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Printing from HP-UX via Linux to JetDirect Printers

Posted on 2000-03-09
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What configuration needs to be made in order to print from HP-UX via a Red Hat 6.1 Linux system to a JetDirect controlled printer?

I am able to print successfully from Windows via Samba on Linux to these printers.  However, print jobs sent from an HP-UX system to the same printers stay in the spool folder and don't move on to the printer.  One big difference I've noticed is that the Windows print control and data files show up in the Linux queue with a "cfA..." and "dfA..." naming convention.  But the HP-UX print control and data files show up as "cA..." and "dA..." (without the "f").  I am suspecting that Linux does not know how to handle the difference in the name convention and there should be a simple configuration setting somewhere in the printcap file.

Our HP-UX boxes are using LP and our Linux box is using LPD.  By the way, I can print from the Linux box to these same printers but not from HP-UX across the net through the Linux.
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Question by:tompet
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by:jlevie
ID: 2602055
Why not use HP's Jetdirect software on the HP-UX boxes to print directly the JetDirect?
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by:tompet
ID: 2602240
jlevie,

Thanks for your comment.  Yes, we can do that.  But we are conducting a feasibility study to see if we can replace about a thousand HP-UX print servers and about a thousand NT print servers with about only 500 Linux print servers which could serve both sides of this heterogenous network.

Thanks in advance for any ideas.  ;-)
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by:jlevie
ID: 2603260
Okay, fair answer. I think I may have seen a way to fix the problem and I'll try to dredge up the info.
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by:tompet
ID: 2605236
jlevie,

Thanks for your continued help.  This one is frustrating and I've even tried using ":bk:" entry in the printcap file on the Linux box which failed to produce satisfactory results.  Unfortunately, I haven't been able to find any references to this issue in the man pages or on the internet.  Could be possible that I'm just not getting that lucky hit for information because it would be hard to believe that no one else has crossed this bridge.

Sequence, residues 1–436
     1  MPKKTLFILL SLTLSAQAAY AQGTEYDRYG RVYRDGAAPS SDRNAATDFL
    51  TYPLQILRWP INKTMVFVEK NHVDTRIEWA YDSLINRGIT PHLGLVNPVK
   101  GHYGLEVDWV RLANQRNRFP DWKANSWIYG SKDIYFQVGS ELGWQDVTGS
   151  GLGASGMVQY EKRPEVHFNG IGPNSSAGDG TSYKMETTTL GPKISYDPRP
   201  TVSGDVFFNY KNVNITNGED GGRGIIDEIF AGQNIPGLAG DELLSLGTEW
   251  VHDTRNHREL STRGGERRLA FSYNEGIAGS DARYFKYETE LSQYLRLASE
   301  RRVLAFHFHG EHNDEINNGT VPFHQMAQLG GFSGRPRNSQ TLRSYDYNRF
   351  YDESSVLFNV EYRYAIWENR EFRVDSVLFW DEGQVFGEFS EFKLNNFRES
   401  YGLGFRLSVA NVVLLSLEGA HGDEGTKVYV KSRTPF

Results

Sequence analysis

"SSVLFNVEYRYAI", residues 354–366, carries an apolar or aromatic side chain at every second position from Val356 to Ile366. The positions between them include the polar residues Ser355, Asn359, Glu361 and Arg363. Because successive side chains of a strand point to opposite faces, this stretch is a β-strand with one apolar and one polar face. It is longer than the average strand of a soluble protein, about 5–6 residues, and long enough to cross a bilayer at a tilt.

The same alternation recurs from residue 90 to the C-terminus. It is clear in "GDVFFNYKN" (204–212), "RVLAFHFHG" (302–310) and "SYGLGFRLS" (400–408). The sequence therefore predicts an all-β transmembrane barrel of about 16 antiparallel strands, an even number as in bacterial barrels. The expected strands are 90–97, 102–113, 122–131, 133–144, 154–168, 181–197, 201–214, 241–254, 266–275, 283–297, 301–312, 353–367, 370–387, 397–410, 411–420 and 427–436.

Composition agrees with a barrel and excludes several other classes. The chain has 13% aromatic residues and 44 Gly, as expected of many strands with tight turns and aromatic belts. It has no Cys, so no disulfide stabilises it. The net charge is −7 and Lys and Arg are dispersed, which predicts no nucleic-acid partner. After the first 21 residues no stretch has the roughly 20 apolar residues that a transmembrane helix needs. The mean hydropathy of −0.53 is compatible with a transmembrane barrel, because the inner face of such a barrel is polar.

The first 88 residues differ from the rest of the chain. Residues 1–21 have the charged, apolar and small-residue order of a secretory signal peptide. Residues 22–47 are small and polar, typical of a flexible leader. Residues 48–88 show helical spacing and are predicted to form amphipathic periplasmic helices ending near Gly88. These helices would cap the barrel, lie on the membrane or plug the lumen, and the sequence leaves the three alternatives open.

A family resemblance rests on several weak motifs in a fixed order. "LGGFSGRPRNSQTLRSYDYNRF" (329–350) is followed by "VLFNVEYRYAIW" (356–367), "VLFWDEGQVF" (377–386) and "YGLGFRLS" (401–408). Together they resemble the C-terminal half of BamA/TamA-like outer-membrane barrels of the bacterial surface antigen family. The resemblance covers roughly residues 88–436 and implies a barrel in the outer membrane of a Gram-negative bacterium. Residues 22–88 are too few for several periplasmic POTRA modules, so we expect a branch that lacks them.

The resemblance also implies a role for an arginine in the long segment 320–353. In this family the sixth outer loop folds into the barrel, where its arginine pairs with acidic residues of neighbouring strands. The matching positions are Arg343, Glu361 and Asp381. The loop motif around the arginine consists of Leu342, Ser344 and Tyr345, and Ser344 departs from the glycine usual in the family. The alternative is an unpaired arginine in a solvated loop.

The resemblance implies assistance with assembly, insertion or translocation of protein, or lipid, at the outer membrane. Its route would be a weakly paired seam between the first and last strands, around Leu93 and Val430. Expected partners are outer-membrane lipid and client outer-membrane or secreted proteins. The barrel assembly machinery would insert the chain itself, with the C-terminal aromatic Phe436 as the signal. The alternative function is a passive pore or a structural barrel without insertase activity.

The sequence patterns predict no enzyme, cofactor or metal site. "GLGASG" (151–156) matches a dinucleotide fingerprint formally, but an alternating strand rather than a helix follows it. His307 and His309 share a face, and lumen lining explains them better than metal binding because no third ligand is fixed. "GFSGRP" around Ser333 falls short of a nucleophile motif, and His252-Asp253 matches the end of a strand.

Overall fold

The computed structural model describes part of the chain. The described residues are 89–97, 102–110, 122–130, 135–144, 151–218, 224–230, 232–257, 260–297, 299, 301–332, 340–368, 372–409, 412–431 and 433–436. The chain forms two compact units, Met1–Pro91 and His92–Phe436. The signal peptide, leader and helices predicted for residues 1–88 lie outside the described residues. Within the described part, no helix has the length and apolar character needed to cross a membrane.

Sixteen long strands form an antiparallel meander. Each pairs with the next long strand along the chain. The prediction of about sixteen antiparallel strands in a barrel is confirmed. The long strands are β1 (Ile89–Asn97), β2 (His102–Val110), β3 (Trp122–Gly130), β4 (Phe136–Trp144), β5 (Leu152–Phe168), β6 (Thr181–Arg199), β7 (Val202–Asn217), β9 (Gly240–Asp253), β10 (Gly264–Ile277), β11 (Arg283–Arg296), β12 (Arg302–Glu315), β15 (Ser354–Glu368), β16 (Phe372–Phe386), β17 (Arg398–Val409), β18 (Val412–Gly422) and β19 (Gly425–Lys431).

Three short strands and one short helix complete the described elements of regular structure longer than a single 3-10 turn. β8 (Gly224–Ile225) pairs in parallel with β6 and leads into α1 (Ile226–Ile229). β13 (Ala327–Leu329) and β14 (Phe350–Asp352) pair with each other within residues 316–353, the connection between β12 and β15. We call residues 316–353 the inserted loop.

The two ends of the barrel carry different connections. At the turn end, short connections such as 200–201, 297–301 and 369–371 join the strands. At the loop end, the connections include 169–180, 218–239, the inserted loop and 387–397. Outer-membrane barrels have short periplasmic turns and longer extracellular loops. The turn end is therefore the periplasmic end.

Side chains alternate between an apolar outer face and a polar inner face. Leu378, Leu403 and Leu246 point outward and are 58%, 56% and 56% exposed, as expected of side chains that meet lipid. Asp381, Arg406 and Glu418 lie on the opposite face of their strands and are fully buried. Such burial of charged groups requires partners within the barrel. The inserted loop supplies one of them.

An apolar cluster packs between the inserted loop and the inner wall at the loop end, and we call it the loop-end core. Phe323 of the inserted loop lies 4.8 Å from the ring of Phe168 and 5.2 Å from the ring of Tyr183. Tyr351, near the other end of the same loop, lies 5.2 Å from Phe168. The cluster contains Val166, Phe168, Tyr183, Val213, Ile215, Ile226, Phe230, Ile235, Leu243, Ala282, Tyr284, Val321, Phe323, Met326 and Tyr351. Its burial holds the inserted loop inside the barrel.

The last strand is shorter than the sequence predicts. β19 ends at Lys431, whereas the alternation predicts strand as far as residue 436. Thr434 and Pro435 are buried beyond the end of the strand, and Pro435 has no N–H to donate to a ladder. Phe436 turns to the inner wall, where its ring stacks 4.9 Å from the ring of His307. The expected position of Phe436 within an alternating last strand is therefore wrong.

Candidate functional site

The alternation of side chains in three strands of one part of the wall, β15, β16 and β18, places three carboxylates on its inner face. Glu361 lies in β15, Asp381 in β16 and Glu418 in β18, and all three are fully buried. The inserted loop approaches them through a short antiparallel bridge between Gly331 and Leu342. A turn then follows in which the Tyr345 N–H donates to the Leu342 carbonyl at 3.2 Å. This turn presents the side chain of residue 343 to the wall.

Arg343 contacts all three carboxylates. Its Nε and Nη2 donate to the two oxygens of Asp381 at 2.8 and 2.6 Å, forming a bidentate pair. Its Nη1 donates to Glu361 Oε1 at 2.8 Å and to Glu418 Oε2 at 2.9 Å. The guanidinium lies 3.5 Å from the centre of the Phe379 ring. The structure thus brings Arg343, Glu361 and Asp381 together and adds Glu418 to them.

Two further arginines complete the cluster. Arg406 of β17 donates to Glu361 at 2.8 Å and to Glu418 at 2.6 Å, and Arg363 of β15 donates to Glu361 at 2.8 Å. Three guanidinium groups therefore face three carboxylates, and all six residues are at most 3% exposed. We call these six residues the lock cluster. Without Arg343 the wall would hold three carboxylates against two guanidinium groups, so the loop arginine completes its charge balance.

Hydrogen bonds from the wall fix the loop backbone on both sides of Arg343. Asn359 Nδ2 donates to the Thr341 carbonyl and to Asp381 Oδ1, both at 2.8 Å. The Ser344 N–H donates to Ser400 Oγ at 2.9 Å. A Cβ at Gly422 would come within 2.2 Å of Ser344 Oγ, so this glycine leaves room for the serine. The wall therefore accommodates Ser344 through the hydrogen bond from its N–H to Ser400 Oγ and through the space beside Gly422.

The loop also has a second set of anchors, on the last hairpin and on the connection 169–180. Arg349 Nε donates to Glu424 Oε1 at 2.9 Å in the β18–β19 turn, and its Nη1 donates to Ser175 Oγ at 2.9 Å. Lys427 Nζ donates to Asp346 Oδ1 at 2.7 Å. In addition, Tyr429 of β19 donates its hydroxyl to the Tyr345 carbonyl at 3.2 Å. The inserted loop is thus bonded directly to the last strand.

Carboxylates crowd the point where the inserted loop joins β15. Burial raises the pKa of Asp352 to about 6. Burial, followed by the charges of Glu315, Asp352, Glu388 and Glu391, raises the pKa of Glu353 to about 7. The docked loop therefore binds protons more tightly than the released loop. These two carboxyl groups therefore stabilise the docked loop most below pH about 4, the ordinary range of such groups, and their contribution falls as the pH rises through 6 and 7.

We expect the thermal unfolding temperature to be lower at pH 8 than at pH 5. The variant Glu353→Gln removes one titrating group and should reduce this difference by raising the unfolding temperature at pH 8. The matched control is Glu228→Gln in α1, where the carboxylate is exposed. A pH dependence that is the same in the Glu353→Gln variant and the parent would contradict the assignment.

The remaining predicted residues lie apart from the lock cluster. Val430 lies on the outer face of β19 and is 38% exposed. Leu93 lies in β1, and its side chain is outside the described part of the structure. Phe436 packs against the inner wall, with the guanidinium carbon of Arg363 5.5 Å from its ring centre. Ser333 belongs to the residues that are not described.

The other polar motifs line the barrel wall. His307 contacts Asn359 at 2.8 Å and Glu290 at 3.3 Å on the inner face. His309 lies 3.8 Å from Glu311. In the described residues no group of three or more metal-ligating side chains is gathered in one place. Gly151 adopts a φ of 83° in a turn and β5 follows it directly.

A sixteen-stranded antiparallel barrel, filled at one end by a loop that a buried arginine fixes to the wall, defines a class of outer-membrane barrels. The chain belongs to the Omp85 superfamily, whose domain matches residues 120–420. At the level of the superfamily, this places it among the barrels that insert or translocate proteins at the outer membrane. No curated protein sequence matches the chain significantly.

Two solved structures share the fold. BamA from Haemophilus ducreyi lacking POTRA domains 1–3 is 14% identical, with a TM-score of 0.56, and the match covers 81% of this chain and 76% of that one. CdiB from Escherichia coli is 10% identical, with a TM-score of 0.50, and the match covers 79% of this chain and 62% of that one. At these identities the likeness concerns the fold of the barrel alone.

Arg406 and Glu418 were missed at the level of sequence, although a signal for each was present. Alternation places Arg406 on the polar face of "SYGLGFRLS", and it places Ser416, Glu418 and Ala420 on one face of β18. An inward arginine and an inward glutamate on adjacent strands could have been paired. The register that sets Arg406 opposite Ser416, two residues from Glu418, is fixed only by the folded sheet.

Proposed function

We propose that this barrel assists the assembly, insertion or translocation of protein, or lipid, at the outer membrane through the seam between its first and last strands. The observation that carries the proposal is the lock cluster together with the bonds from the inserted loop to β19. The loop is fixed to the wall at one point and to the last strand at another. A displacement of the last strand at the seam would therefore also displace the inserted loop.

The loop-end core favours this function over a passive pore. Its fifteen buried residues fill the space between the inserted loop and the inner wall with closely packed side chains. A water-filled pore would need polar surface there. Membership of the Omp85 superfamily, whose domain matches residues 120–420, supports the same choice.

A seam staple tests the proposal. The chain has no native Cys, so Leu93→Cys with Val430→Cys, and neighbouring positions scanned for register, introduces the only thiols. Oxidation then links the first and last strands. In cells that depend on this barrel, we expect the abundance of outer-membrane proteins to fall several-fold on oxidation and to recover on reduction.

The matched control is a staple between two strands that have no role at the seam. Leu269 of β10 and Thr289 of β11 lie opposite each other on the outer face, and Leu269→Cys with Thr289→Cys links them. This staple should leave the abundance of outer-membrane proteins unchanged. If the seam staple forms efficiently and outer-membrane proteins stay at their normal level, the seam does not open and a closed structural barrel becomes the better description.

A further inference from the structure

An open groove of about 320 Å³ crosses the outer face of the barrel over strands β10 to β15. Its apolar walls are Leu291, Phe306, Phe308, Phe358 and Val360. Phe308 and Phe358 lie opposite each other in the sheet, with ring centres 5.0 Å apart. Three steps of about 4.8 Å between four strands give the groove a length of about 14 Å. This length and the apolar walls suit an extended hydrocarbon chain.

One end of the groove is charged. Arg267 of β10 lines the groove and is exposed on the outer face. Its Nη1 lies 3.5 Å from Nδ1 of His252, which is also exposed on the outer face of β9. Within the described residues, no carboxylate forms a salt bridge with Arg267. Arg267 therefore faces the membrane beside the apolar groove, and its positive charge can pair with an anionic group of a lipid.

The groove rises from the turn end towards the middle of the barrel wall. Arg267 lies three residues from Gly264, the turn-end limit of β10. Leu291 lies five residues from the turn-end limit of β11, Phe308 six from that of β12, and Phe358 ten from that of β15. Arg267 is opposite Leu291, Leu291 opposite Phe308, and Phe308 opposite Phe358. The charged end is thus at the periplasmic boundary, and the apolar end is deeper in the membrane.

tompet
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by:jlevie
ID: 2609756
Yeah you'd think that there ought to be some information out there on this as a problem, but I'm not having any better luck. Have you condsidered trying Solaris 8 on intel instead of RedHat? The price is certainly right (see http://www.sun.com/software/solaris/binaries/).

Solaris is a little pickier about the hardware as it doesn't support as wide a range of devices as Linux does (see http://soldc.sun.com/support/drivers/hcl/index.html), but on the right hardware it is incredibly robust and Sun's support is excellent. Solaris uses the SysV LP model, but also provides LPR/LPD capabilities and might mesh better with HP-UX.
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by:mapc
ID: 2645372
ho well..
Moving to solaris because some little bug is a way to solve problems...
But, first of all, add ":lf=/var/log/lpd.log" or something similar to /etc/printcap, then, run lpd in debug mode (-d?), play with it, post the results back.
What are you using to print to the JetDirect printer from linux?
Are you sure that the _QUEUE_ name you're printing from HP/UX _is_ the queue you're running on linux?
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by:tompet
ID: 2645466
Now we're getting an excellent dialogue going.  Mr. jlevie's Solaris suggestion would have been a viable consideration were it not for licensing costs.  I have to agree with him that it might mesh better with HP-UX.